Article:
For years, one of the major targets of liberal advocates of tax reform has been the growing use of state and municipal industrial development bonds to finance the construction projects of private corporations.

The Jimmy Carter administration, charging that the tax subsidy often is abused and amounts to an unneccessary underwriting of companies and special interests, pushed through modest restrictions on these securities in 1978.

Still, use of the bonds -- and their accompanying breaks for companies in the form of tax-exempt interest for IDB investors -- continues to be a major factor in the marketplace.

Now, even the District of Columbia government is joining in -- with a new legislative package designed to clear the way for the Mayor Marion Barry administration to begin issuing IDBs as early as this summer.

Officials say they've already lined up about half a dozed firms ready to build new plants or expand old ones in the District if the revenue bonds become available.

"Our feeling is as long as the surrounding jurisdictions are using them, why shouldn't we?" says Ann Kinney, Barry's chief economic counselor. "It's time we had the same kind of advantages they do."

Kinney says the Barry administration's new foray stems from a recommendation by the city's bond counsel last year that the District begin issuing IDBs to help attract new industry -- and bolster job-growth.

Officials say the District government already has the authority to issue industrial development bonds, and the City Council approved the move in principle last year.

What the administration still hopes to clear up is a potential snag in congressionally enacted Home Rule charger, which requires that debt service on the bonds be included in the annual D.C. appropriations bill.

The mayor's office has sent Congress a proposal to exclude any such debt service payments from the appropriations process. So far, neither the House nor Senate has taken the legislation up, but Kinney says "we're optimistic."

Kinney describes the current procedure as "a serious hitch." Officials fear that if debt service is not taken out of the appropriations process, there could be delays that might make buyers shun the D.C. bonds.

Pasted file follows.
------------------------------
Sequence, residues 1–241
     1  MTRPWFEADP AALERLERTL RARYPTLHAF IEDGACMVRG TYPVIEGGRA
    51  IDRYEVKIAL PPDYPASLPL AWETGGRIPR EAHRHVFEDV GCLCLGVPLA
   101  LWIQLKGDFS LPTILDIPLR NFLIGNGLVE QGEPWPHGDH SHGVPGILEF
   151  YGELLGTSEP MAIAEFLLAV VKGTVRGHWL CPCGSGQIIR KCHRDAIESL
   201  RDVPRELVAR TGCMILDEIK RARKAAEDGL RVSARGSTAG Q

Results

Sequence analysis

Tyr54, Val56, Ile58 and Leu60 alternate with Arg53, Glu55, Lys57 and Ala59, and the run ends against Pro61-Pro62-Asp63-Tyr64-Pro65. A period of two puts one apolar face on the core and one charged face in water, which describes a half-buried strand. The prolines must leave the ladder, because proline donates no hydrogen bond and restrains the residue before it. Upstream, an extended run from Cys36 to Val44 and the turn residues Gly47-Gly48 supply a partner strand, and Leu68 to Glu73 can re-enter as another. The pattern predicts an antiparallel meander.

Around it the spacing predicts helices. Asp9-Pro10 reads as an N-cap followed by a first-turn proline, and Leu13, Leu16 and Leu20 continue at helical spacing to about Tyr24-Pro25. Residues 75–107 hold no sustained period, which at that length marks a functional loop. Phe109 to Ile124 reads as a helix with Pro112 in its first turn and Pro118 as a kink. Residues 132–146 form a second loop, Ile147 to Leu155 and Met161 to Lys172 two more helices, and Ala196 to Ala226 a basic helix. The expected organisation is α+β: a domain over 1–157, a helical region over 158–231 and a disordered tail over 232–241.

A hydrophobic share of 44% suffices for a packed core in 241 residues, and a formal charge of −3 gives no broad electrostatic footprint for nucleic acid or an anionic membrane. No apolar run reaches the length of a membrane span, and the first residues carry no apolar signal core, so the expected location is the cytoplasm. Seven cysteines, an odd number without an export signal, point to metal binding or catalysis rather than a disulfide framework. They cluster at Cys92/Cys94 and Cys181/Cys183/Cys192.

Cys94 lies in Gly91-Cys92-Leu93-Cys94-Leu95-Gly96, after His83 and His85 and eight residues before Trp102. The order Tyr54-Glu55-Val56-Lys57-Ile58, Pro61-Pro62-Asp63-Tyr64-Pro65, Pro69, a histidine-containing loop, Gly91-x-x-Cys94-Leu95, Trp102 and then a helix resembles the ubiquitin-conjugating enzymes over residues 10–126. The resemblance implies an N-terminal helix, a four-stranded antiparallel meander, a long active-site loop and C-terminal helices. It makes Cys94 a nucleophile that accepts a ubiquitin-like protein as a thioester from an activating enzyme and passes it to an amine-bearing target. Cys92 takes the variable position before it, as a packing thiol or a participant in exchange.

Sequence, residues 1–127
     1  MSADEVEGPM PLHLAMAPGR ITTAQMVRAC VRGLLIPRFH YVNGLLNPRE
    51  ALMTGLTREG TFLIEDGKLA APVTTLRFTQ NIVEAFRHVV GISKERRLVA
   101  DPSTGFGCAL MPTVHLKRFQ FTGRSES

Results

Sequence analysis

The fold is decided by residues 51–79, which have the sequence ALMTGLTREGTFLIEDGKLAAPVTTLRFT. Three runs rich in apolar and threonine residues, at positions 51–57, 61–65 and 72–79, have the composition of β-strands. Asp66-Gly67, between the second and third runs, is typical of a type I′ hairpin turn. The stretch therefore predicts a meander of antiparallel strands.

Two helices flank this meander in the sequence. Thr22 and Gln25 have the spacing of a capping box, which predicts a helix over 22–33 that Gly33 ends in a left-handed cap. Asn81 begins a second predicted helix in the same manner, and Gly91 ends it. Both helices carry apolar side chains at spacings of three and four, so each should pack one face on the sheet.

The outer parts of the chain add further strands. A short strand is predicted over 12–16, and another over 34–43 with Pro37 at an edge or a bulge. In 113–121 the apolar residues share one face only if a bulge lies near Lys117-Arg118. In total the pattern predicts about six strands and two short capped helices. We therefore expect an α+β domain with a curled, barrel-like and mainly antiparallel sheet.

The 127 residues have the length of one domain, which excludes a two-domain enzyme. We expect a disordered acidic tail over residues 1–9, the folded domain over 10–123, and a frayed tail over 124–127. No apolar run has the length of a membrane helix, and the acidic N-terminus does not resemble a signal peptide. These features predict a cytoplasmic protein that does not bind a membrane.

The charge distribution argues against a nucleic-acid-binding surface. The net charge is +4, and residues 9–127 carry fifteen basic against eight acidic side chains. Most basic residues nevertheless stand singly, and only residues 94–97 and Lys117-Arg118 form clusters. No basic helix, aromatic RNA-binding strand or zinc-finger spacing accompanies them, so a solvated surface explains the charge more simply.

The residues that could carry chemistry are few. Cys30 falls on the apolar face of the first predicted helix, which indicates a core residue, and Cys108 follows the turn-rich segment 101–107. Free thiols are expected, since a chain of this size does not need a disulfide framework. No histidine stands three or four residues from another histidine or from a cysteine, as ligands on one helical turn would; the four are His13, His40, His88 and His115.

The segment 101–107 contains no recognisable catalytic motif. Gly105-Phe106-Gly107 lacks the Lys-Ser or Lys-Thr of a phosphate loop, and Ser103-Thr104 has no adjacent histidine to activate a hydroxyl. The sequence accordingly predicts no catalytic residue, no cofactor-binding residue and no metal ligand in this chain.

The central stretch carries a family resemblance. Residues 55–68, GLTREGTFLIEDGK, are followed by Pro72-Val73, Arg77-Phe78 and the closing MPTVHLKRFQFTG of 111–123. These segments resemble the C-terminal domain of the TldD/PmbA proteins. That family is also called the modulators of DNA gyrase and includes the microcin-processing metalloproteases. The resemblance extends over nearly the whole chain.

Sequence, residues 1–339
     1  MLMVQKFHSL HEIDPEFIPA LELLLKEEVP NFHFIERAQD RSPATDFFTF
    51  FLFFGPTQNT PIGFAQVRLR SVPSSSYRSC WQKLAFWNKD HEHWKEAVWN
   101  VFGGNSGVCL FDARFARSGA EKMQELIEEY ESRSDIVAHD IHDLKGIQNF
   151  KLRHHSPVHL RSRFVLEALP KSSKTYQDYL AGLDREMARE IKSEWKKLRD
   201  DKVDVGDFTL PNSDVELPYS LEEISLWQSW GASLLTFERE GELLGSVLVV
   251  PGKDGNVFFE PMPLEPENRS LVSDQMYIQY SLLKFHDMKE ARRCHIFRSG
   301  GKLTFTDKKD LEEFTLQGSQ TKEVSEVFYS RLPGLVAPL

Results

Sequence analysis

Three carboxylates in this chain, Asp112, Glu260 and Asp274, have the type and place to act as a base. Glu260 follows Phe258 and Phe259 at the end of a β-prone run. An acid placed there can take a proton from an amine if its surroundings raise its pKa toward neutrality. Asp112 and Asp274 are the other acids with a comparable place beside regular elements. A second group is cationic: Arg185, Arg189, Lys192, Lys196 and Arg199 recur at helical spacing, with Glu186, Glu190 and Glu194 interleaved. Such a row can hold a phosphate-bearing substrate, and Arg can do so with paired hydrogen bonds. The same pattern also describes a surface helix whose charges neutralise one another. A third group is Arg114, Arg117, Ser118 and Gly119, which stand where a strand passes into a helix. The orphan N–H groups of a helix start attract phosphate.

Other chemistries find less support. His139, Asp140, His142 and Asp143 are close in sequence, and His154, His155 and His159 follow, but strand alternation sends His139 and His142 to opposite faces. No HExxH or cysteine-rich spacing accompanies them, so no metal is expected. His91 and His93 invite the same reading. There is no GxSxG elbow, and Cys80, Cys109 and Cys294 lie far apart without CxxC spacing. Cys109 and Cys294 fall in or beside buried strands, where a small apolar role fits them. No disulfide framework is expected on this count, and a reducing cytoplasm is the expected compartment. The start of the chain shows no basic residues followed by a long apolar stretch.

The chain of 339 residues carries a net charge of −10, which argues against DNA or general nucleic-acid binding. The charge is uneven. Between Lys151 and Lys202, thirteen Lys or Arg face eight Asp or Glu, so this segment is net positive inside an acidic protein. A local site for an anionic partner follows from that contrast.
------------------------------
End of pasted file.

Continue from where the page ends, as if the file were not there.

Analysts concede that in technical terms, at least, the move into IDBs isn't lkely to act directly to eleiminate the District's budget deficit. If anything, there's an outside chance they could hurt the city's credit.

Although the bonds being considered would require companies to make good if expansion projects were to fall through, too many such defaults could tarnish the city's rating.

At the same time, however, the administration also is moving toward use of regular general-obligation bonds to help finance capital improvements -- presumable easing pressure on the operating budget as well.

Kinney declined to say how large the initial offering might be, or which area firms have indicated they'd like to take advantage of the first installment.

However, sources suggested that if all six firms actually decide to go along, the bond offering could total between $12 million and $16 million. One of the projects is said to include expansion of the National Co.'s WRC studios on Nebraska Avenue NW.

IDBs have been a subject of controversy among tax experts. Under the plan, states or localilties give their backing to private expansion projects. In return, payments to invesstors are tax-exempt.

The concept, introduced in the late 1960s, was designed to help localities attract industry and finance projects that serve the public -- such as industrial parks and stadiums.

Liberals have contended that jurisdictions too often have abused the system by agreeing to underwrite corporate projects that properly should be financed solely by the companies -- such as plant expansion.

Virginia has been criticized heavily for use of industrial development bonds in such a manner. The 1978 crackdown by Congress merely restricted the "rollover" of such bonds and did not prohibit their use entirely.

The move to IDBs was one of several proposed by the city's bond counsel in a 1978 report.

According to the new Home Rule charter, the District may issue IDBs to help promote construction of new housing, health facilities, transportation or utility plants, recreational facilities, colleges and commerrcial development.

Ann Kinney -- an economist with a Ph.D. who is Barry's executive assistant for economic development -- was named in April 1979 to "coordinate" the administration's efforts to step up economic development in the District.

Kinney worked as a full-time volunteer for the City Council's finance and revenue committee before joining Barry's staff and later was an active fund-raiser during Barry's campaign for mayor.

In announcing Kinney's appointment last April, Barry noted he had doubled the size of the city's economic development staff -- from eight to 17 persons -- and would seek to double the agency's spending in his 1980 budget.